There is a lot of silence surrounding mental health in many South Asian cultures. My family immigrated to the United States from Pakistan when my mother was pregnant with me, and because we grew up in different environments, my parents and I constantly had trouble communicating. My family frowned upon me sharing my struggles with friends, therapists, or even other family members because of the fear that mental health issues would be perceived as a weakness and reflect poorly on our family.
I went to a small private high school, and when I toured Trinity University’s campus, I immediately knew I wanted to pursue my undergraduate career there: the small class sizes, the opportunity to get to know professors on a personal level, and the emphasis on student involvement were exactly what I was looking for. Little did I know then how much my experiences at Trinity University would set me up for success not only on a professional level, but on a personal level as well.
I was hopeful that the change of scenery away from my toxic home environment would alleviate a lot of the stress I was experiencing; however, it only continued to escalate. I enrolled in pre-med courses my first year due to my parents’ influence, but I kept feeling that medicine wasn’t the right track for me. Eventually, I was able to sit down with Dr. Sheryl Tynes, who allowed me to be vulnerable and share my struggles about changing my major—and the subsequent feeling that my parents wouldn’t be accepting of the change. She personally called my parents to explain that medicine wasn’t an option for me and that I needed to shift my major. Because of her support, I was able to switch and become a Spanish major. After studying abroad with Dr. Bladimir Ruiz, I decided business could be a track I would enjoy and soon added business administration as a second major.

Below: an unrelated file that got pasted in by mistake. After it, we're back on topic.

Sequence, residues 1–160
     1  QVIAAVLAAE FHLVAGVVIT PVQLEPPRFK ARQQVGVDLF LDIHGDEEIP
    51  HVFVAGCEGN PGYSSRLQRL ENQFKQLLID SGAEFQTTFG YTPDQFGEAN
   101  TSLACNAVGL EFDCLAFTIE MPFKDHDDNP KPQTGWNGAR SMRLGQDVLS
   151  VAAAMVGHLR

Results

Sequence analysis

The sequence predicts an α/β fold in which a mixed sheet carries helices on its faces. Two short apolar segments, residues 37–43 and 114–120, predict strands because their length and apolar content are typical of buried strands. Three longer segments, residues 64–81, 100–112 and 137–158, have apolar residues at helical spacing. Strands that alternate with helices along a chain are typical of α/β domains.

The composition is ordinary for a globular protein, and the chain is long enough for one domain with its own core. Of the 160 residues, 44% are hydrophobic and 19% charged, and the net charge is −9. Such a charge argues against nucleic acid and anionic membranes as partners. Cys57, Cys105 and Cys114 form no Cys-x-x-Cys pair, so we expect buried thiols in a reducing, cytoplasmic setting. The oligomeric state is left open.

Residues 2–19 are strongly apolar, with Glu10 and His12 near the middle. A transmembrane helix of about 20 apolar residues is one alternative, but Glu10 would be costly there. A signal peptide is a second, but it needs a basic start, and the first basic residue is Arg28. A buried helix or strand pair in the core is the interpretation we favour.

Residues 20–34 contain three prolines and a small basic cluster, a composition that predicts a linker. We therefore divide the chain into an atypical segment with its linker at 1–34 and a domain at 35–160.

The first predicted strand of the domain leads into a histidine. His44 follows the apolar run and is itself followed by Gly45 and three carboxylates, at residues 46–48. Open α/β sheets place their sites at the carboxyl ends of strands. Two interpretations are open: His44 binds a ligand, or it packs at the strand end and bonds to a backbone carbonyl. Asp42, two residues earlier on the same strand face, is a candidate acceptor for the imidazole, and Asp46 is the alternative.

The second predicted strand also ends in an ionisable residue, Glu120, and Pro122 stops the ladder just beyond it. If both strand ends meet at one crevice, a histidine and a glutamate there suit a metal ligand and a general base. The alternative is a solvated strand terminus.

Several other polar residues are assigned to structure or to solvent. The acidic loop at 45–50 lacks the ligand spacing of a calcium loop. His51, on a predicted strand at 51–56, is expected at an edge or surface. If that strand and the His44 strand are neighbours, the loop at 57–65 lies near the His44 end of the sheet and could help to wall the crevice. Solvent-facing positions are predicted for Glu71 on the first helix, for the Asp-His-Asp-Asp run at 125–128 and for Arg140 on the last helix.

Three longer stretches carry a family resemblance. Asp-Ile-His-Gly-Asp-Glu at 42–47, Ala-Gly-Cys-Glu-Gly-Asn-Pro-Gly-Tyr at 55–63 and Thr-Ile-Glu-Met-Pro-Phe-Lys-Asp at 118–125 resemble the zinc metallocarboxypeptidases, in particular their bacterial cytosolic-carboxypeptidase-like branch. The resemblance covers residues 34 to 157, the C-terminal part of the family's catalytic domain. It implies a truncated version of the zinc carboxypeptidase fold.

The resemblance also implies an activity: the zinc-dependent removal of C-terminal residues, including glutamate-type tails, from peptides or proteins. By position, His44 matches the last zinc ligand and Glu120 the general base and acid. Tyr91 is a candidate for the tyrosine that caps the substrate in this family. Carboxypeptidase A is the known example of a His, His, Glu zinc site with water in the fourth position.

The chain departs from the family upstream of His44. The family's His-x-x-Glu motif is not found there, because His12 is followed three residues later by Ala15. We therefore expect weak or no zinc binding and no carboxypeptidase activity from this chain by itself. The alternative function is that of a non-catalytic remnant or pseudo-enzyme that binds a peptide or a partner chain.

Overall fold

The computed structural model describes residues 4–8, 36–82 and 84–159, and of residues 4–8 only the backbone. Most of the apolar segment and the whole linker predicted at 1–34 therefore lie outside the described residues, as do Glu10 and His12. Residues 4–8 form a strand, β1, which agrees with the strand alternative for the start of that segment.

My second year at Trinity is when my mental health took a turn for the worst, and I felt isolated in my struggles. I tried regularly visiting with the free on-campus counseling, and while the psychologist was wonderful, I found myself holding back because I was scared to share what I had always been instructed to keep to myself. I was afraid to ask for help. When I hit a breaking point, I overdosed on antidepressants.
I was fortunate to have gained good friends through my two years on campus, and they helped me get the care that I needed. This moment became a turning point for me: I realized that I didn’t want to leave this world, rather, I needed to take my life into my own hands. The shift to business administration provided me with the tools I needed to budget and save money. Because of the writing course requirements through the general curriculum, I was able to improve my resume and cover letter writing quality and landed a job at Clinical Trials of Texas, Inc. as a first step after my graduation in December 2016. Now, I have my dream job at Children’s Miracle Network Hospitals and have found a way that I can give back through work that I am passionate about. I have also joined the Trinity University Alumni Association Board (TUAAB), where I have the opportunity to connect with other alumni and do my part to give back to the University.